Here are two images of the bus bench cover I made for the Durden and Rey county-wide, outdoor exhibit in Los Angeles. And, the response I put on Facebook to answer messages I received when people read in Christopher Knight' review in the LA Times that the piece had been stolen after one day.
Don’t be sad that “Natural Setting” only lasted a day. For me, it was worth every hand-stitched detail. When I was invited to participate, this was the idea that came from within me immediately. It's a worthy exercise to stay true to our creative ideas. What more is there? I worked on the bus bench cover a couple weeks and the more I worked on it, the more I understood that it wouldn’t last long in the unprotected world. The more I faced that loss, the more I knew to complete it with the same attention to detail that I saw in my mind’s eye in the first place. In this dark time, the artwork transformed to a reverie about loss and value.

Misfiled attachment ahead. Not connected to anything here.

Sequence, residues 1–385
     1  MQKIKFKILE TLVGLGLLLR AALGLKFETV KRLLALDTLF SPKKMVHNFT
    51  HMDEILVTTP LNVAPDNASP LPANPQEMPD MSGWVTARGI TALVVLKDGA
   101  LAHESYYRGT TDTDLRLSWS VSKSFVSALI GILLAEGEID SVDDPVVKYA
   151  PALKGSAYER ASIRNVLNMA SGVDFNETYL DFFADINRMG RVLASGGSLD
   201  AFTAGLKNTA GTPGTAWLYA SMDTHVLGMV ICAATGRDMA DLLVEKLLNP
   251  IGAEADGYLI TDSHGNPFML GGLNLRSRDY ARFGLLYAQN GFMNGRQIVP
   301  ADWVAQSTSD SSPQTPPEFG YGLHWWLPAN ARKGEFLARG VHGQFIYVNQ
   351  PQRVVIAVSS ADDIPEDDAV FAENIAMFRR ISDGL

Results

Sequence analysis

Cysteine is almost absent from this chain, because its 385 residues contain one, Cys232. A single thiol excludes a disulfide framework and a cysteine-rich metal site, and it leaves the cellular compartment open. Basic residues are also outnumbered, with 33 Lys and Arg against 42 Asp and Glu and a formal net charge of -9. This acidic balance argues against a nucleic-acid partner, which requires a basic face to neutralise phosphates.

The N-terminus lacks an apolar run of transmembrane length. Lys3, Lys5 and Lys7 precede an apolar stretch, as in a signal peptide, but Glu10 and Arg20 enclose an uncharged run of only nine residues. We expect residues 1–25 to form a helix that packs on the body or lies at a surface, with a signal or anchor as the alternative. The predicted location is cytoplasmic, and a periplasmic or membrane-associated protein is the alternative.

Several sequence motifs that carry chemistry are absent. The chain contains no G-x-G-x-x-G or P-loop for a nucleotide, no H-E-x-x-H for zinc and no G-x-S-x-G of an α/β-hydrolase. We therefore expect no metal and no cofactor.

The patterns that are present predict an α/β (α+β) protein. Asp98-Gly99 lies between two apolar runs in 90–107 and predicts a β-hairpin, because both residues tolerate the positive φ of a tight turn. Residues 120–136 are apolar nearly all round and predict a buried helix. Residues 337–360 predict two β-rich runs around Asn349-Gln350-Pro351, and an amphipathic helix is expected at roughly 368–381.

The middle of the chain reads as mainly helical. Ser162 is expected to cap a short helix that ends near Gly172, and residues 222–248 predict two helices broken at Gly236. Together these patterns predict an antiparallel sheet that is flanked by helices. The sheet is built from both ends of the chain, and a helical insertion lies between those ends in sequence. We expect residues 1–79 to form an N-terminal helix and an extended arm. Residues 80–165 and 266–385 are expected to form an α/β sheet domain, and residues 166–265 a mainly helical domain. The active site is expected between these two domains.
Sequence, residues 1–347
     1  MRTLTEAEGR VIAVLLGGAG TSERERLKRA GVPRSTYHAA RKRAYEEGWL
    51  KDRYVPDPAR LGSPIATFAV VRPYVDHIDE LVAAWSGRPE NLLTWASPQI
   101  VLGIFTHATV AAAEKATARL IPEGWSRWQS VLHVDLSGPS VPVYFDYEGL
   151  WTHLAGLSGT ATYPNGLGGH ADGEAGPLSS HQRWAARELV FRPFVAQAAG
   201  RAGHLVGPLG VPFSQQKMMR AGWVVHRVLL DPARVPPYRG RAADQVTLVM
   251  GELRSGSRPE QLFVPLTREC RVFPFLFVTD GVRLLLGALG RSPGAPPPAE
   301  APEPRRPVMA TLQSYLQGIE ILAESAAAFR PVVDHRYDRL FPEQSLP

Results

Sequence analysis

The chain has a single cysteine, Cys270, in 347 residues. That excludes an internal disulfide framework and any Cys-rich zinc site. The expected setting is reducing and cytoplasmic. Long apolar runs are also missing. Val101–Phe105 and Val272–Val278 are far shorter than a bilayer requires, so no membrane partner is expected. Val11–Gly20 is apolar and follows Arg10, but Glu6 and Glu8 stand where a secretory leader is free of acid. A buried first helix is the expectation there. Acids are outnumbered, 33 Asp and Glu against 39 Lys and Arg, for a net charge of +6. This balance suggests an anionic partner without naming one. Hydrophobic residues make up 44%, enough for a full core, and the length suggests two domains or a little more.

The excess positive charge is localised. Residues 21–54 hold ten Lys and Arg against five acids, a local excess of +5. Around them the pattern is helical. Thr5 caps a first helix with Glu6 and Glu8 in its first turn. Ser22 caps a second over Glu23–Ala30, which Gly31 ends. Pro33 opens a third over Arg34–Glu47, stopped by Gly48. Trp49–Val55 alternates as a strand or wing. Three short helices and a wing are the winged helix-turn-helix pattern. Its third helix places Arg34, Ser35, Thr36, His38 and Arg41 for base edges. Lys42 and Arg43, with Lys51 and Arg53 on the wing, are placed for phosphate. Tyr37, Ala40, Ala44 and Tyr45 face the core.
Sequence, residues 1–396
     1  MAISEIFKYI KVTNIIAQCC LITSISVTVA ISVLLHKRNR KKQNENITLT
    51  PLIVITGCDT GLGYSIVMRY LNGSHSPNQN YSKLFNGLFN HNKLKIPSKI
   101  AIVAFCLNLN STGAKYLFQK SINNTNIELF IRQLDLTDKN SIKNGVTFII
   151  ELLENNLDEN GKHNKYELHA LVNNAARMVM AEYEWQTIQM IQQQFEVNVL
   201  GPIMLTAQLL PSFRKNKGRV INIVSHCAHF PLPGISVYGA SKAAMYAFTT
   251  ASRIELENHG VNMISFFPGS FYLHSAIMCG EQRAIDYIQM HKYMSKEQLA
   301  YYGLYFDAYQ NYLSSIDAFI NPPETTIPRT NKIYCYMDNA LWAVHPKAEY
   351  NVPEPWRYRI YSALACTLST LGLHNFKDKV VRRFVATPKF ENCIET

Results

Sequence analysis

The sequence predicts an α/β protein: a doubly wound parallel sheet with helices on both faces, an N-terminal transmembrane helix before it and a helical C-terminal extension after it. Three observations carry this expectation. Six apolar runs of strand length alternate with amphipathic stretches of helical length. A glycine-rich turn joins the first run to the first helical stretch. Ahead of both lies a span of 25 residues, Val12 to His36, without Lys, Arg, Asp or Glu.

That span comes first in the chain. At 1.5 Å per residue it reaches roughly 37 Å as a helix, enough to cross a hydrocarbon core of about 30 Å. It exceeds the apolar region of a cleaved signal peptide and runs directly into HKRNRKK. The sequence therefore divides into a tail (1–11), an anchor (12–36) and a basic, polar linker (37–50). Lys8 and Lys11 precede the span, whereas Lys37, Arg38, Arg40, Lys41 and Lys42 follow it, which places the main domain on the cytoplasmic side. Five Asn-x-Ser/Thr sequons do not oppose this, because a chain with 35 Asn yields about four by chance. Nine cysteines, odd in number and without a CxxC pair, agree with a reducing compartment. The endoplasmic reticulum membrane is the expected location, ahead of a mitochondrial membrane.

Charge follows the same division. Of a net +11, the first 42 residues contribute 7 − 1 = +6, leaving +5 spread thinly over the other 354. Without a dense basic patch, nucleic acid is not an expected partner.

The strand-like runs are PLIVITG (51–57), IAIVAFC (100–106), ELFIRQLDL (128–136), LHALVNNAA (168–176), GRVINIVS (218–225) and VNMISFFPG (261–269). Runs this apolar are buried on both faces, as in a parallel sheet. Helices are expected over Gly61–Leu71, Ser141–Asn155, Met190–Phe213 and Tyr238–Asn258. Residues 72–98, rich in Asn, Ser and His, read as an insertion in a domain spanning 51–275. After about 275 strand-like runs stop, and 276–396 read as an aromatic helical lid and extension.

This was always intended as a gift for strangers. Every detail needed to be personal, loving, and handmade. I padded it to make the seat softer. As fabric created with my photographs of pine cones and pine needles, it played with the notion of nature and these natural or not so natural settings that urban living provides. This was to be a note of kindness in a less than generous society.
“Natural Setting” is still in my mind’s eye, and as a I glance to that barren bus bench, I will always see to the next universe where the hand stitched covering is still in wait.